To serve, fluff rice with a fork, making sure the greens are evenly distributed; transfer to a platter.
Scatter reserved caramelized onions over and arrange chicken on top. (Or for a more casual look, return rice to pot and gently stir in chicken and onion.)
Compared to my last post, this pressure cooker biryani is an even faster version of this full-flavored Indian dish- very tasty but possibly a little less authentic.
There are a couple points to note in order for this dish to be a success. It is very important to use the largest shrimp available to prevent over-cooking. Secondly, when adding the water to the pot, it must be boiling in order for the rice to cook in the allotted time frame.
This recipe was adapted from The Complete Indian Instant Pot Cookbook by Chandra Ram via The New York Times, contributed by Melissa Clark. I increased the amount of garlic, omitted the curry leaves, and used a stove-top pressure cooker instead of an Instant Pot. Nice.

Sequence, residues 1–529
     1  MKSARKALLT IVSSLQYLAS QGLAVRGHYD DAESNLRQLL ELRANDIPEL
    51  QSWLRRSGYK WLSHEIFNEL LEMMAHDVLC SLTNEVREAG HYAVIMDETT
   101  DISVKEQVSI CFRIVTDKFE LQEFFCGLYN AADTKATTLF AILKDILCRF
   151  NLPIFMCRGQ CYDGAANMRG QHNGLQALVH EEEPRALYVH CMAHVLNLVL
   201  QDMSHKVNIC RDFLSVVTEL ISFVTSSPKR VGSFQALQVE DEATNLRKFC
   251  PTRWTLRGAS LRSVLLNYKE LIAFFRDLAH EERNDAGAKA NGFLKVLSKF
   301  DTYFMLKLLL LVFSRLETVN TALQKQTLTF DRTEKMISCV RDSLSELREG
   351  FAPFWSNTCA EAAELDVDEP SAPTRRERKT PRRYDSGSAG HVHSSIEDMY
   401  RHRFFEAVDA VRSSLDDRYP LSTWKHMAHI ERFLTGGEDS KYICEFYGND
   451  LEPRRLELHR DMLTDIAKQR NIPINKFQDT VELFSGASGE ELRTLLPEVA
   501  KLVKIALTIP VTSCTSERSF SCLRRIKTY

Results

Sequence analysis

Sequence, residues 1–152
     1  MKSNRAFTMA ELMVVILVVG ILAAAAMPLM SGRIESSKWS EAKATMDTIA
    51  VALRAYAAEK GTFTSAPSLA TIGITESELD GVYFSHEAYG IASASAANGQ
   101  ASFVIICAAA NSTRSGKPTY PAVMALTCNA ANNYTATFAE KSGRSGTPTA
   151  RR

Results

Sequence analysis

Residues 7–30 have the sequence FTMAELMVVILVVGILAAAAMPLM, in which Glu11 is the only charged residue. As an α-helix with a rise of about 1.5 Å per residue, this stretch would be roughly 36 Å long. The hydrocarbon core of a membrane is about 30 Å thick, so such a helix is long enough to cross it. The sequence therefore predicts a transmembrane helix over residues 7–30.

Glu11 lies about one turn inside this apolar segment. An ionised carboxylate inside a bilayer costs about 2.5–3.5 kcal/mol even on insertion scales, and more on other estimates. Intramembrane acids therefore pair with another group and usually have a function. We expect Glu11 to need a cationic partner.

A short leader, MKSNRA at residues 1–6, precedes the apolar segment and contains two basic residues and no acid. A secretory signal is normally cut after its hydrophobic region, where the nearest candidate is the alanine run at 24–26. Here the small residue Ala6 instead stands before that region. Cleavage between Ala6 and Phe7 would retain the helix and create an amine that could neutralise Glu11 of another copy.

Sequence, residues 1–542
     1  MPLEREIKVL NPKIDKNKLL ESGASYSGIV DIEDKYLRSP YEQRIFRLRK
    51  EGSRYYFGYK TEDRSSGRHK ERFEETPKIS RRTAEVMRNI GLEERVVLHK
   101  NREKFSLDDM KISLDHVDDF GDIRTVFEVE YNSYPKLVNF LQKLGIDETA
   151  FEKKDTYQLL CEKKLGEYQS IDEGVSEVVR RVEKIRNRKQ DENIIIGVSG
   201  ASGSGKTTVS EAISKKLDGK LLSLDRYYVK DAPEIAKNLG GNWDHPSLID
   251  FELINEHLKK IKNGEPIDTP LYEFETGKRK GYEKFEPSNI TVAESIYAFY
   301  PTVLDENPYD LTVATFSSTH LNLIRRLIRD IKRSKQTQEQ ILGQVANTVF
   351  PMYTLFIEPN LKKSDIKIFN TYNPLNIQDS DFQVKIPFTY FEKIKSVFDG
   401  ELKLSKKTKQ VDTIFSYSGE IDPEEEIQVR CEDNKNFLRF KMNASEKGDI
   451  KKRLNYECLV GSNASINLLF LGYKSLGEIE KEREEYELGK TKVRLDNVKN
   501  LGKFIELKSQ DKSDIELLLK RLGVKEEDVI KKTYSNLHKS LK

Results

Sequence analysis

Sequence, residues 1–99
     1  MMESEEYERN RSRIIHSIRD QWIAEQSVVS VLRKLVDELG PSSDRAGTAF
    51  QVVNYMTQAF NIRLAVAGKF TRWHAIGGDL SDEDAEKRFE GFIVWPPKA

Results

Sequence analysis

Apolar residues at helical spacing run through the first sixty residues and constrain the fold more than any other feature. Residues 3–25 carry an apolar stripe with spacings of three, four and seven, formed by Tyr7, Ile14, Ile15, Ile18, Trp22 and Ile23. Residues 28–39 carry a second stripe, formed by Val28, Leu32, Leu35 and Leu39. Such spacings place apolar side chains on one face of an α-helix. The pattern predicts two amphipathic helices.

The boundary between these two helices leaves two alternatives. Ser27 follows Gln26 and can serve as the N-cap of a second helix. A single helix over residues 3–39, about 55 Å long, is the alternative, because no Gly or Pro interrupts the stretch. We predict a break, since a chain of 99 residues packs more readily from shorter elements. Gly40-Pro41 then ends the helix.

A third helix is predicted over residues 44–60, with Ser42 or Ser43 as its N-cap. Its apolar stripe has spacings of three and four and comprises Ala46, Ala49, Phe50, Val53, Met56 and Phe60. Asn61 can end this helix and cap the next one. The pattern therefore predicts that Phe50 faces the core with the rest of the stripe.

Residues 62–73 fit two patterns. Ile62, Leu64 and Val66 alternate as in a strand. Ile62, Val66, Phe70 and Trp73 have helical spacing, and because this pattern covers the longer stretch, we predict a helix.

Yield: Serves 6
2cups Basmati rice
2teaspoons vegetable oil
1 yellow onion, chopped
1Serrano chile, minced
2tablespoons minced fresh ginger
1tablespoon minced garlic (I used 4 large cloves)
2teaspoons kosher salt
1teaspoon Chile powder, preferably Kashmiri (I used Ancho)
1teaspoon ground turmeric
1teaspoon smoked paprika
10fresh curry leaves, torn into pieces, optional (if available)(can substitute curry powder, to taste)
1 ½cups boiling water
1 ½pounds jumbo shrimp (16 to 20 or fewer per pound, see note), peeled and deveined
1(15-ounce) can diced tomatoes, with juice
2teaspoons freshly squeezed lime juice, plus more wedges for serving
½cup chopped fresh cilantro
Place the rice in a bowl and cover with 2 cups water. Let stand for 20 minutes, then drain and rinse.
Heat oil in the pot of a pressure cooker (set to the sauté function set on high in an electric pot), until oil is shimmering.
Add onion; cook for about 4 minutes, until softened.
Stir in Serrano chile, ginger, garlic, salt, chile powder, turmeric, paprika and curry leaves (if using); cook for about 1 minute, until fragrant.